Einladung zum Kolloquium

Dear colleagues,

We (as the Department of Developmental Psychology) would like to invite you to a talk by Tobias Schuwerk (LMU München) on Thursday, 19 December 2019 at 12.15 (seminar room 2.111, Waldweg 26). In his talk, Dr. Schuwerk will speak about “Social Cognition and Social Interaction in Typical and Atypical Development(see abstract below).

Also, below is the other colloquiums we are planning to have in the next couple of months. A more detailed information regarding these talks (e.g., title and abstract) will be announced later but you can save the dates already.

-January 23: Karolin Salmen (Heidelberg)
-January 30: Sabine Hunnius (Nijmwegen)
-Feb. 20: Juliane Bräuer (MPI Jena)
-March 5: Nicola Clayton (Cambridge)

We are looking forward to seeing you at our colloquiums.

Best wishes,
Feride N. Haskaraca Kizilay


Social Cognition and Social Interaction in Typical and Atypical Development (Tobias Schuwerk)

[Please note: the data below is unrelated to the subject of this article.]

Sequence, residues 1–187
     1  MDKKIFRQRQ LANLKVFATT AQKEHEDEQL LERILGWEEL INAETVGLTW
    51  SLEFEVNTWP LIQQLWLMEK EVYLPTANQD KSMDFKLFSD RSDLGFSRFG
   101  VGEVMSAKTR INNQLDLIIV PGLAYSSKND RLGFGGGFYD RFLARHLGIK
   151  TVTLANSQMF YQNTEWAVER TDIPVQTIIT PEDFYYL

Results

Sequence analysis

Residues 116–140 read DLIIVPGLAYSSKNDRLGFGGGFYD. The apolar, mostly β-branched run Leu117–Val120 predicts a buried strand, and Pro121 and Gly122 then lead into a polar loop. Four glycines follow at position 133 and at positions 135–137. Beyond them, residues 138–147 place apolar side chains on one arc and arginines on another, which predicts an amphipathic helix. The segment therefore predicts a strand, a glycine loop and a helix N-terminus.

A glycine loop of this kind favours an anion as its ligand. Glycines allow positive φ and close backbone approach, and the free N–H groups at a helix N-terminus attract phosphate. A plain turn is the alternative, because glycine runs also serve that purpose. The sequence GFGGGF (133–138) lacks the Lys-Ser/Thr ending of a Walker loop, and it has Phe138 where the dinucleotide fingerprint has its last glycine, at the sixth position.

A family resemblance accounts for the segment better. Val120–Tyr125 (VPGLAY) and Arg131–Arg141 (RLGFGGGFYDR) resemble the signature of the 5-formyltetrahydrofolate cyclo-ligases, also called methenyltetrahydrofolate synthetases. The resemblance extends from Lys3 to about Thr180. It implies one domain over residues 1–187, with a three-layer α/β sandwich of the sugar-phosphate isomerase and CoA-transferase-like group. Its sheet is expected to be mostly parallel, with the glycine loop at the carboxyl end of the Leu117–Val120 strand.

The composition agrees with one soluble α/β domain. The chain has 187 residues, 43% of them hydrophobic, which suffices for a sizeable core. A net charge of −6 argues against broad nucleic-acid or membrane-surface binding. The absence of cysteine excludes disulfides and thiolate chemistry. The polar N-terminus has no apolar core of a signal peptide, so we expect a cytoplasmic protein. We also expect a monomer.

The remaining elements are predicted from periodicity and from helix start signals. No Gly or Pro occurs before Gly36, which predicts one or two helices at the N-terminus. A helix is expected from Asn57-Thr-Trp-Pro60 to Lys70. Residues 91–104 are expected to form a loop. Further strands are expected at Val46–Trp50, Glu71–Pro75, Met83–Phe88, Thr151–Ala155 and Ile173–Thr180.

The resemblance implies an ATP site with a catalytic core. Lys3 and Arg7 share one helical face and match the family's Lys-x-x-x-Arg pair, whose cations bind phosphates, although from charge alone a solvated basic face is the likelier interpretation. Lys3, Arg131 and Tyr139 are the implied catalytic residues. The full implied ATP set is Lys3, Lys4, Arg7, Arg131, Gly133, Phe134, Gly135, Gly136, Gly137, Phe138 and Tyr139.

Theory of Mind or mentalizing, the ability to attribute mental states to others and oneself, is considered being the bedrock of successful social interaction. Recent empirical evidence suggests that in typical development already infants are able to attribute false beliefs to others, a milestone of Theory of Mind development. In autism, it is hypothesized that difficulties in social interaction and communication arise from atypical mentalizing abilities. In the first part of this talk, I will (1) present empirical evidence that casts doubt on the assumption that already infants have a full-fledged Theory of Mind and (2) sketch a way out of the current replication crisis which is taken by the multi-lab project „ManyBabies 2“. In the second part of the talk, I will present data on how children and adults with autism perform in spontaneous mentalizing tasks borrowed from infancy research. The findings show that differences to non-autistic comparison groups are  only subtle and point to fast learning from experience. In the remainder of the talk, I will present a study testing the scope and ecological  validity of current social cognitive theories of autism by investigating  the link between autistic traits and actual mentalizing (assessed via  smartphone-based experience sampling) and social interaction (assessed  via logging of smartphone usage behavior) during everyday life.